The results announced Wednesday served as the exclamation point on the best year yet for eBay Inc., an e-commerce pioneer founded in 1995 when the concept of buying merchandise online seemed absurd.
Online shopping has since become a staple for hordes of consumers, turning eBay into a thriving business and a Wall Street favorite.
But the growing popularity of smartphones and tablet computers is once again changing the way many people shop. EBay is trying to remain at the forefront of the shift by retooling its online bazaar and popular payment service, PayPal, to work better with mobile devices.
The company, based in San Jose, Calif., says its mobile applications have been downloaded on to more than 120 million devices, putting its services in easy reach of consumers even as they peruse the aisle of brick-and-mortar stores.
"Mobile is quickly becoming the new normal, and we are leading this new way consumers shop and pay," eBay CEO John Donahoe told investors during a Wednesday conference call. He predicted that PayPal and eBay's marketplaces division, where most of eBay's shopping activity occurs, will each process more than $20 billion in mobile transactions this year.
EBay doesn't keep all the revenue that passes through its services. PayPal charges merchants a fee to deliver payments from customers, and eBay collects fees for products listed and sold online.
The strides that eBay has made in the mobile market have impressed investors, helping to propel the company's stock price to a 68 percent gain last year.
The company's fourth-quarter performance provided another boost as eBay's stock edged up 62 cents to $53.52 in Wednesday's after-hours trading. The market's reaction was tempered by a management forecast for the current quarter that was slightly below analysts' expectations.
The stock isn't far from its split-adjusted peak of $59.21 reached at the end of 2004 when Meg Whitman, now the CEO of Hewlett-Packard Co., was still running eBay. By the time Whitman stepped down in 2008, eBay's stock had slipped below $30 as the company's growth tapered off.
Donahoe, though, has engineered a turnaround by de-emphasizing the online auctions that were once eBay's foundations and, in the past two years, intensifying the focus on the rapidly growing mobile market.
"EBay is back in a big way now," Donahoe said during a Wednesday interview.
EBay earned $757 million, or 57 cents per share, during the final three months of last year. That represented a 62 percent decrease from net income of $2 billion, or $1.51 per share, at the same time in 2011.
The 2011 numbers were inflated by a windfall from eBay's $8.5 billion sale of online communications service Skype to Microsoft Corp.
If not for certain one-time items, eBay said it would have earned 70 cents a share. That figure was a penny above the average forecast among analysts surveyed by FactSet. The most recent quarter's earnings were up by 17 percent from 2011, on an adjusted basis.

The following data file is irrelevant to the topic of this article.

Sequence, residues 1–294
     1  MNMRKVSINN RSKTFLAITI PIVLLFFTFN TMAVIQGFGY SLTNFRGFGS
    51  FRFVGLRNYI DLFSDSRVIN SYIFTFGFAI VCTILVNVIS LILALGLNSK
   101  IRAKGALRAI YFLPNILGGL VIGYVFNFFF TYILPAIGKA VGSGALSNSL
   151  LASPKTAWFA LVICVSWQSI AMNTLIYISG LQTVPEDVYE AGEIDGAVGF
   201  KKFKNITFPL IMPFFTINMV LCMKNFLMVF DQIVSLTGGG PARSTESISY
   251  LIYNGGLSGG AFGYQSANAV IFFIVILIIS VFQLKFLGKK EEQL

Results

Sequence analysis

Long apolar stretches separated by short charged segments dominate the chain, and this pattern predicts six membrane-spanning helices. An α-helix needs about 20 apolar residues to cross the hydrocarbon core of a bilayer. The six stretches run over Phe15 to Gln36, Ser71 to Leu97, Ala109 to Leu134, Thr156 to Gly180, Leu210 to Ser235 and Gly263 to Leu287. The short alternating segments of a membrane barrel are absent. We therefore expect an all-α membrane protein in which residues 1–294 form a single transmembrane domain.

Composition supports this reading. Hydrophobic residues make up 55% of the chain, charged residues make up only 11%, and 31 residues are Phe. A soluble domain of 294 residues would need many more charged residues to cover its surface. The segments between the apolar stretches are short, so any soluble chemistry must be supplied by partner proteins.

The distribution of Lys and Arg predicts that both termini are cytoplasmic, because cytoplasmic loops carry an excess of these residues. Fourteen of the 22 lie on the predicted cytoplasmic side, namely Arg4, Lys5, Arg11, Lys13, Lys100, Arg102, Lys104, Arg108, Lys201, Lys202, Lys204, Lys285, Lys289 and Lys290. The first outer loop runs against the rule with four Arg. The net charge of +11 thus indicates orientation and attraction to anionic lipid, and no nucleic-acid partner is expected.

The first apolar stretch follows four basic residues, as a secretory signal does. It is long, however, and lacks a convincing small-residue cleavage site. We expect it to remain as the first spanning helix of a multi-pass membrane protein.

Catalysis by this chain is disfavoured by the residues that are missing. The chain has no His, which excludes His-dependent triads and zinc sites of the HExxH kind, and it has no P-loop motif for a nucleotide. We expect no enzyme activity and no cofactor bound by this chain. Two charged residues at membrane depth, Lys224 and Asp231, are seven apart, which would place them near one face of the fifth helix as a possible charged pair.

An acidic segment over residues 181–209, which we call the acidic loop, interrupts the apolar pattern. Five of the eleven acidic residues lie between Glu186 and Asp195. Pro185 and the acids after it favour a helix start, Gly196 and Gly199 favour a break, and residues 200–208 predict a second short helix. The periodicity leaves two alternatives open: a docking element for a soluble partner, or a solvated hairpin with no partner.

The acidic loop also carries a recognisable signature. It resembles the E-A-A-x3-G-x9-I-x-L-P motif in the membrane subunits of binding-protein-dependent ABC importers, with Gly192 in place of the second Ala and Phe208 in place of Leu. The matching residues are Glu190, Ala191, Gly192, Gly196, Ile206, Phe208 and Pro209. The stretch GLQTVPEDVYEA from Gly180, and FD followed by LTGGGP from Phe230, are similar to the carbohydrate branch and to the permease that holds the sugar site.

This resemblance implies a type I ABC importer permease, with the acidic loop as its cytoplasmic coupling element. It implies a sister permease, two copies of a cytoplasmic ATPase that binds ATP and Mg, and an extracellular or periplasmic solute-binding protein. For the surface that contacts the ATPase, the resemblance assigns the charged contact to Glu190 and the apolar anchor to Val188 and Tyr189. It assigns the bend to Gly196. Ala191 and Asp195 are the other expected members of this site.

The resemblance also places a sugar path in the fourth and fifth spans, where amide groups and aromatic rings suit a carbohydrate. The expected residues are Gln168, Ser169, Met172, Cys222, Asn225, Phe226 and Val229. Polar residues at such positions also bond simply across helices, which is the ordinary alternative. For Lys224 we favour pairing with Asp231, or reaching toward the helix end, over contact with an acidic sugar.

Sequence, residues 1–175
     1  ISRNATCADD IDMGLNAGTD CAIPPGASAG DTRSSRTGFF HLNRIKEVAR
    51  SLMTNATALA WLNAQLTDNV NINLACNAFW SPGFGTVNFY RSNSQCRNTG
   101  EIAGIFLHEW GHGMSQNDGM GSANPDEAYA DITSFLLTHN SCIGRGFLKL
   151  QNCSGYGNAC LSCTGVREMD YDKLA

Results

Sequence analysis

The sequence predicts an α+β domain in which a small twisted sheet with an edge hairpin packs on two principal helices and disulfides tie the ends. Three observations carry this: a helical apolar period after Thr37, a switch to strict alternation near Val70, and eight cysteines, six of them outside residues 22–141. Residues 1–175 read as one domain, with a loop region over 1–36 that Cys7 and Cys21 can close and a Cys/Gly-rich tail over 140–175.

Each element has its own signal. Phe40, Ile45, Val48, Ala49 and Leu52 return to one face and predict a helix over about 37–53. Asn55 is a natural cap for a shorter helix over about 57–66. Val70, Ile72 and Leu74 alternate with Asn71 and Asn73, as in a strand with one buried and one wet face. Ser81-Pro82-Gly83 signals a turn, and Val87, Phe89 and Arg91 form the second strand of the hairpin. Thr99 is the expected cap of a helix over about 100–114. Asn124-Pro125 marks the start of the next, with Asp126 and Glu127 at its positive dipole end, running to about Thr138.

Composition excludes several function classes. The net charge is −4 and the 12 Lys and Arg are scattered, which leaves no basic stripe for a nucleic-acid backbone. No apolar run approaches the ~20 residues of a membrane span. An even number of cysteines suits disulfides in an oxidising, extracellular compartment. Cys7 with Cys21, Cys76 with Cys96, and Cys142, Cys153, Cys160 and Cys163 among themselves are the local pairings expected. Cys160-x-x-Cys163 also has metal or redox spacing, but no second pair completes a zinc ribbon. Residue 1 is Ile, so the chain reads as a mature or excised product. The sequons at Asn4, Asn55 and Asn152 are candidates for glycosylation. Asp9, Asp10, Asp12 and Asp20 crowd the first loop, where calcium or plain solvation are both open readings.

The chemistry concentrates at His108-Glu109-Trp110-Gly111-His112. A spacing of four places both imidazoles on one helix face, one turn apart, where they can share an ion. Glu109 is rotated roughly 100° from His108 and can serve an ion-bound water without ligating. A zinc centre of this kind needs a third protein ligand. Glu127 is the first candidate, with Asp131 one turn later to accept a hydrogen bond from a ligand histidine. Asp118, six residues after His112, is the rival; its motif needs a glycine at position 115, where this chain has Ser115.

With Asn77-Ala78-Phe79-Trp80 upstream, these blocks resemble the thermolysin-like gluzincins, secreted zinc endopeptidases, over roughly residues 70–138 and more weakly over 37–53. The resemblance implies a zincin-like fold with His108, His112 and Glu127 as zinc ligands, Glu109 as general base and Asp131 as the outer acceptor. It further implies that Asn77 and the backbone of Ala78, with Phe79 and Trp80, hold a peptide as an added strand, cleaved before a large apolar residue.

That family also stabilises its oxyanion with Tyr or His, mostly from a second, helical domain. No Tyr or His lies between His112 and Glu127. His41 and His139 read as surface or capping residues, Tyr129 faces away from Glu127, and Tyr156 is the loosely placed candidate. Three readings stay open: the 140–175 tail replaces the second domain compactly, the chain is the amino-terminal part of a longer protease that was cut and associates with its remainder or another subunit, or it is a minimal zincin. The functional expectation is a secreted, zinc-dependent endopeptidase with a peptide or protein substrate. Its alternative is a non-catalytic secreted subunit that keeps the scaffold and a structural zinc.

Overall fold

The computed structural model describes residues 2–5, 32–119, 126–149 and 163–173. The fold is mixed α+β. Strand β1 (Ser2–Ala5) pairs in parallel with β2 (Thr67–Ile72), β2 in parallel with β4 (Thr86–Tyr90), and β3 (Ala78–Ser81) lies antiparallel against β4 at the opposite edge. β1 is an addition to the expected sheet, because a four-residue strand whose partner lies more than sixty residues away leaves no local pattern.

Revenue climbed 18 percent from the previous year to nearly $4 billion, in line with what analysts forecast.
As has been the case for some time, PayPal generated the greatest growth. Fourth-quarter revenue from the payment service totaled $1.54 billion, a 24 percent increase from the previous year.
PayPal, which eBay bought a decade ago, added 5 million more accountholders in the fourth quarter, its biggest three-month gain in eight years. The service now has about 123 million accountholders, many of whom contributed to the roughly 700 million payments processed by PayPal during the fourth quarter.
EBay is now trying to extend PayPal's reach offline. The company already has struck agreements with 23 retailers, including Abercrombie & Fitch, Barnes & Noble, RadioShack and Home Depot, to accept PayPal in their stores. Beginning this spring, PayPal also will be accepted at retailers that take the Discover card.
The marketplaces division produced fourth-quarter revenue of $2.05 billion, up 16 percent from the previous year.
To start this year, eBay expects adjusted first-quarter earnings of 60 cents to 62 cents per share on revenue ranging from $3.65 billion to $3.75 billion.
Those figures are below analysts' predictions calling for adjusted earnings of 64 cents per share on revenue of $3.8 billion. Donahoe said he believes some analysts neglected to consider that there will be one less day in this year's first quarter coming off of 2012's leap year and that online shopping is always sluggish on Easter Sunday, which is falling in March this year instead of April as it did last year.
For all of 2012, eBay earned $2.6 billion, or $1.99 per share, on revenue of $14.1 billion. With the Skype sale, eBay earned $3.2 billion, or $2.46 per share, in 2011. Revenue for that year totaled $11.7 billion.
(Copyright 2013 by The Associated Press. All Rights Reserved.)